Maya and Aztec

Ancient Mesoamerican civilizations

The history of North American Indians

Category: History

By the time America was discovered by Europeans it had been populated with many American Indian peoples.

The majority of researchers recognize that this settling was the result of several migratory waves of small groups of Paleolithic hunters from Northeastern Asia along the bridge of Bering. The question of time of the settling hasn’t finally been solved however. This problem has actively been studied by archeologists, linguists, anthropologists and ethnographers of many countries. Russian archeologists’ researches have great value for its decision. Discussions have arisen about the time of the first settling of America. Assumptions made by scientists give dates from 20 000 BC till 40 000 BC.

The similarity of North American Indians anthropological type to the race of Asia speaks about Asia being the ancient home of the people who discovered and occupied The New World 25000 – 30000 years ago. They both have similar rather dark color of skin — varying from yellow, yellowy-brown  to reddish-brown, — rigid strait black hair , absence or comparative scarcity of vegetation of their bodies, dark pigmentation of eyes, protruding cheekbones and  wide faces. On the basis of these distinctions researchers allocate americanoids and the Asian branch mongoloids, considering, that the former race have kept initial prototype features of the mongoloid race to greater extent than modern mongoloids of East Asia.

On the territory of two Americas within some  millennia the set of local variations of this protomongoloid type was generated, united in three races by a number of features; North American, Central American and South American – differing in height, skin color and other features. In Northern America, in spite of the presence of local variants, there was the classical type of American Indians differing generally in high height, strongly profiled aquiline nose, with face more profiled horizontally. Indians of prairies – moderately-long-headed, tall, with a direct cut of eyes and an aquiline nose are considered as typical representatives of the type. The Indians of Central and South Americas have kept features of the paleoamerican race to greater extent: they are of middle height or undersized (except for tall Patagonians).

Considerably later after the basic waves of immigrants to Northern America there came Aleuto-Eskimos making the second part of americanoids but much closer to the mongoloids of Asia in a lot more number of features. Visible features of the Asian origin of Indians, convincing materials produced by American linguists E.Sepir and M.Suadesh establish relationship of American Indian languages with languages of peoples of Asia.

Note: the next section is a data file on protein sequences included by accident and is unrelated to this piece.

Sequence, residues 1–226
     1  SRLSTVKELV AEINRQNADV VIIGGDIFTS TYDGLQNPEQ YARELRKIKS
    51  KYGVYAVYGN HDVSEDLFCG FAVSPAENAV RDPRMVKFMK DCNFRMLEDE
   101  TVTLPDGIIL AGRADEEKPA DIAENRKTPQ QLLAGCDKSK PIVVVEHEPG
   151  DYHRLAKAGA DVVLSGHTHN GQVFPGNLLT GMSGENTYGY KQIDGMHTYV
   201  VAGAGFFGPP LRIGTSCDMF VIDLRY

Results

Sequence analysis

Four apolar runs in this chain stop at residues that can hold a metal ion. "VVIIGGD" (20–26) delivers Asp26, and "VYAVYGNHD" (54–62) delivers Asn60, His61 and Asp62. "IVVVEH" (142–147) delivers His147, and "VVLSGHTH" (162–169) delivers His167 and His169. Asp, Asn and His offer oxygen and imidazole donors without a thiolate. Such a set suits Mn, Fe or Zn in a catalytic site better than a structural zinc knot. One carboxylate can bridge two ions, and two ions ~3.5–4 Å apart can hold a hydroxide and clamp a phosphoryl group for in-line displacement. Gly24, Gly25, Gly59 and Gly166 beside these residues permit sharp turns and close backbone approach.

By the time of discovering The New World by Europeans the aboriginal population had been characterized by extreme language diversity.

About 2200 languages have been established on the territory of two Americas. Many generations of americanists were engaged in studying and classification of these languages. J.Powell, F.Boas, E.Spir, M.Suadesh, J. Grinberg — in the USA, Paul Rivet — in France and a Czech scientist Chsstmir Loukotka. As a result of these researches the increasing similarity between languages of primordial inhabitants of America was found and they were united in a decreasing number of the big language families. According to M.Suadesh’s latest classification,all languages of americanoids break up into 110 groups – families which can be united in five big linguistic lines, except for three isolated languages in South America (tinigua, omuurana and nambiquara). In the latter ones he sees the rests of the first wave of immigrants to the New World. After them separate groups of americanoids’ ancestors speaking five big language line consistently moved (by Suadesh): Macro-Caribbean, Macro-Arawaquian, Macro-Cetchuan, Macro-Maya and Basque – dene.

  1. Suadesh reasonably explains the fact of having many languages of the population of The New World as the consequence of moving, split, and isolation of these groups on the extensive territory of two American continents.

Nowadays the facts collected by the archeological science allow us to track consecutive change of American Indian societies progressively developed on the territory of Northern America during almost eleven millennia. Archeologists have established coexistence of two most ancient Paleo-Indian cultural traditions on the territory of the continent: 1) the culture of large game hunters with the centre in a prairie zone and 2) unspecialized hunters – collectors of the Cordilleras culture in the Pacific Northwest. They existed till VIII millennium BC and became a basis for all subsequent locally differentiated cultures developed on big territories of the wood zone in the east, on the plateau, in the Big Basin, in the southwest and the northwest of the continent.